Wind power is the conversion of wind energy into a useful form, such as electricity, using wind turbines. At the end of 2007, worldwide nameplate capacity of wind-powered generators was 94.1 gigawatts. Although wind produces only about 1% of world-wide electricity use, it is growing rapidly, increasing more than fivefold globally between 2000 and 2007. In several countries it has achieved relatively high levels of penetration, accounting for approximately 19% of electricity production in Denmark, 9% in Spain and Portugal, and 6% in Germany and the Republic of Ireland in 2007.
Wind energy has historically been used directly to propel sailing ships or converted into mechanical energy for pumping water or grinding grain.The principal application of wind power today is the generation of electricity. Large scale wind farms are typically connected to the local electric power transmission network, with smaller turbines being used to provide electricity to isolated locations. Utility companies increasingly buy back surplus electricity produced by small domestic turbines. Wind energy as a power source is favored by many environmentalists as an alternative to fossil fuels, as it is plentiful, renewable, widely distributed, clean, and produces lower greenhouse gas emissions, although the construction of wind farms is not universally welcomed due to their visual impact and other effects on the environment. The intermittency of wind seldom creates problems when using wind power to supply a low proportion of total demand. Where wind is to be used for a moderate fraction of demand, additional costs for compensation of intermittency are considered to be modest.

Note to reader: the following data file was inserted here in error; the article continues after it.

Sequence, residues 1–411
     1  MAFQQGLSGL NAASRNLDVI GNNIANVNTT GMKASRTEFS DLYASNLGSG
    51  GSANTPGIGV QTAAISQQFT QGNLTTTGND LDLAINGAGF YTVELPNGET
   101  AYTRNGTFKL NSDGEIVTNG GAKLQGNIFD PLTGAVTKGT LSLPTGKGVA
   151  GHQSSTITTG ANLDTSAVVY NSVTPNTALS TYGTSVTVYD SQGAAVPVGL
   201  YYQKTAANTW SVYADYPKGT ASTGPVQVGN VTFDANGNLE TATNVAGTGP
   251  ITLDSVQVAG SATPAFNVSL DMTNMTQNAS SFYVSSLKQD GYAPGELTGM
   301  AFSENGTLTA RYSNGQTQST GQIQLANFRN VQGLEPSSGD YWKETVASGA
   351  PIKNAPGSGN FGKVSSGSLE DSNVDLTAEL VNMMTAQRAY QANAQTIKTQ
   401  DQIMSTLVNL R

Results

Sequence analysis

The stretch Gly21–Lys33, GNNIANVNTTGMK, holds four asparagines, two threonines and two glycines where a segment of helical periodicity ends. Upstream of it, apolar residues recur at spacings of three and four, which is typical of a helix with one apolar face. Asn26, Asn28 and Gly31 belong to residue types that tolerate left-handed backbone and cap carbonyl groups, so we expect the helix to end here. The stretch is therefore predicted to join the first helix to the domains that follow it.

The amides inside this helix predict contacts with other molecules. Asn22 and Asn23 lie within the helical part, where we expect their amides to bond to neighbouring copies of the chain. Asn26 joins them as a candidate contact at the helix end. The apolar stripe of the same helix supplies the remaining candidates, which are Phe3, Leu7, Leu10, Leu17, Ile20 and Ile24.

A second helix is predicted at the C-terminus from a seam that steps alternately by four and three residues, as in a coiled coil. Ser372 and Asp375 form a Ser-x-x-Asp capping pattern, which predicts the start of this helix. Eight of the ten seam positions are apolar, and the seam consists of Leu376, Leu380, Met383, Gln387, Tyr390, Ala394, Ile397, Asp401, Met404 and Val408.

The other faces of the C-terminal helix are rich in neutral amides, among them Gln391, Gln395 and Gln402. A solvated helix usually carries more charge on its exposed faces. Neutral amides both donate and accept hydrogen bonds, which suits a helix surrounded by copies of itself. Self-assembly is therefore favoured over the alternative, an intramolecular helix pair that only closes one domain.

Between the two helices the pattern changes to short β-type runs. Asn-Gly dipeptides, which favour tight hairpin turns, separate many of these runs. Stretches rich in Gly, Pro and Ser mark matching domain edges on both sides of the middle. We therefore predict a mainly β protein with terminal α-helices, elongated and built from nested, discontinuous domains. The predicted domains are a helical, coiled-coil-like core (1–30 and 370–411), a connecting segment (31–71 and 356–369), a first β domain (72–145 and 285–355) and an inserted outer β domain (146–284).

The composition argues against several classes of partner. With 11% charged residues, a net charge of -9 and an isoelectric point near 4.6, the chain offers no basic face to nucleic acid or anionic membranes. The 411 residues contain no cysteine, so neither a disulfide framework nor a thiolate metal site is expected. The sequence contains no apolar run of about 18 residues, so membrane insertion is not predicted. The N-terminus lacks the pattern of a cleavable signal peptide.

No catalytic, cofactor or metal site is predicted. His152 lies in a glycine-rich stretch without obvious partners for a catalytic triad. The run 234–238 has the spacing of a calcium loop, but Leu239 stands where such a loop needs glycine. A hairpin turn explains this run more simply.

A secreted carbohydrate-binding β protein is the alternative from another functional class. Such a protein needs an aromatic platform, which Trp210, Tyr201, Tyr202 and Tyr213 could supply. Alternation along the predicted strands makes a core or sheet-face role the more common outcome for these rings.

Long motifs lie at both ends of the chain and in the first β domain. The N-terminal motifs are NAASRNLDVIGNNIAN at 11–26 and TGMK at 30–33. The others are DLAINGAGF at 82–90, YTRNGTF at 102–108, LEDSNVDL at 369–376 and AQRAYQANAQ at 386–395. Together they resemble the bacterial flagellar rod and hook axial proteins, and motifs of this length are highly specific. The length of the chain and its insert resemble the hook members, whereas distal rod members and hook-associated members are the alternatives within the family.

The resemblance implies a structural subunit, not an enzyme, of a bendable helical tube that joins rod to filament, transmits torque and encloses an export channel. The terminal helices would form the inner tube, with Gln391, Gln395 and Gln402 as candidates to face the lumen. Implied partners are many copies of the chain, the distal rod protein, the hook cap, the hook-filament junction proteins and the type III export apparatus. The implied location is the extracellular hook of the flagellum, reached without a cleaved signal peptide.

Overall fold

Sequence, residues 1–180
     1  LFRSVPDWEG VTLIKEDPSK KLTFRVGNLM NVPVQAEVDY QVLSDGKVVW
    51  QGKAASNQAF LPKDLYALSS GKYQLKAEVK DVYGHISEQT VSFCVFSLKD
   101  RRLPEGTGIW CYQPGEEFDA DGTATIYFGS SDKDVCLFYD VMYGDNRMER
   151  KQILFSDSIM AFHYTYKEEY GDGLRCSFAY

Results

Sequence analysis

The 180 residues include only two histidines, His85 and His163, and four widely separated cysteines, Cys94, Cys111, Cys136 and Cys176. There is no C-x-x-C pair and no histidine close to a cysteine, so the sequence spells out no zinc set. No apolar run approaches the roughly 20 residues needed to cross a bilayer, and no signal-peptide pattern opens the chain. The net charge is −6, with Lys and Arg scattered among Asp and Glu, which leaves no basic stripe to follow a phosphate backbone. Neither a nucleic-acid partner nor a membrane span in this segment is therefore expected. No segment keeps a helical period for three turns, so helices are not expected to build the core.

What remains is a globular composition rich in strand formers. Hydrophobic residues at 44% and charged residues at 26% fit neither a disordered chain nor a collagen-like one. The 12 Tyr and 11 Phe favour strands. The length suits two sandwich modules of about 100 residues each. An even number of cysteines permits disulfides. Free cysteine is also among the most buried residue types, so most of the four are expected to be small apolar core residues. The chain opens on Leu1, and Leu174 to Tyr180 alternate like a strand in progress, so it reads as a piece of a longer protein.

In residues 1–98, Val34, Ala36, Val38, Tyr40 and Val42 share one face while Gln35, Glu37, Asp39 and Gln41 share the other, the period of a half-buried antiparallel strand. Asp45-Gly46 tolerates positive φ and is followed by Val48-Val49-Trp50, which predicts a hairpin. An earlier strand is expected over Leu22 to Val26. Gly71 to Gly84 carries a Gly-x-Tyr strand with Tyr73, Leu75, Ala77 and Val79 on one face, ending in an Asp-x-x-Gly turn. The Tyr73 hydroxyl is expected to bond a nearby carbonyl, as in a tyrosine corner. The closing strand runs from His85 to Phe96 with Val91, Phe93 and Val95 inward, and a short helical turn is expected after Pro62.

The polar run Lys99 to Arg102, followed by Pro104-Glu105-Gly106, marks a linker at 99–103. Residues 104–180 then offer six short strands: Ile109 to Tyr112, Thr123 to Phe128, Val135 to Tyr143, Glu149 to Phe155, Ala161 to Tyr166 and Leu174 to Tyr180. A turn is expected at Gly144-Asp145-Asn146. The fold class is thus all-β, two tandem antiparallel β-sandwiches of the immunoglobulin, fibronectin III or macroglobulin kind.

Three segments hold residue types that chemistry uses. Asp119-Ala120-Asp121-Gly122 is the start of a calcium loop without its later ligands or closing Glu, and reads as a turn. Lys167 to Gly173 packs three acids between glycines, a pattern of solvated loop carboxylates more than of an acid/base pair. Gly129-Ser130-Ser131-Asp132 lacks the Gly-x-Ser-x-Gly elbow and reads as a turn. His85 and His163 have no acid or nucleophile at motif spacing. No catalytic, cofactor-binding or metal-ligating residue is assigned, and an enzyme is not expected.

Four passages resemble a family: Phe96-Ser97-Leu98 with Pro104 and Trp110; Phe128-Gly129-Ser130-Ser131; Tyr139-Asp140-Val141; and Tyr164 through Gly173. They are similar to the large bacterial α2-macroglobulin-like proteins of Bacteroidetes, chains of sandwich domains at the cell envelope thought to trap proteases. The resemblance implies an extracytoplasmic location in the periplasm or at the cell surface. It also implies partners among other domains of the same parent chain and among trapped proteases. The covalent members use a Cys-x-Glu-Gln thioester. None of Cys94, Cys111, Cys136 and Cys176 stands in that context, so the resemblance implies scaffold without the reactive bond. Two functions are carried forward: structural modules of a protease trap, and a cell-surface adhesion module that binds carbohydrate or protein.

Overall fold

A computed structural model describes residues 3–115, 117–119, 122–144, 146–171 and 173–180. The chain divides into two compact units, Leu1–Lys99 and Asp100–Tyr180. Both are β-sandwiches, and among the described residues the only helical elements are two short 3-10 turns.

The college currently teaches a Power Systems and Alternative Energy track under the Electrical Engineering Technology Program.
Here are links to other CPCC related programs: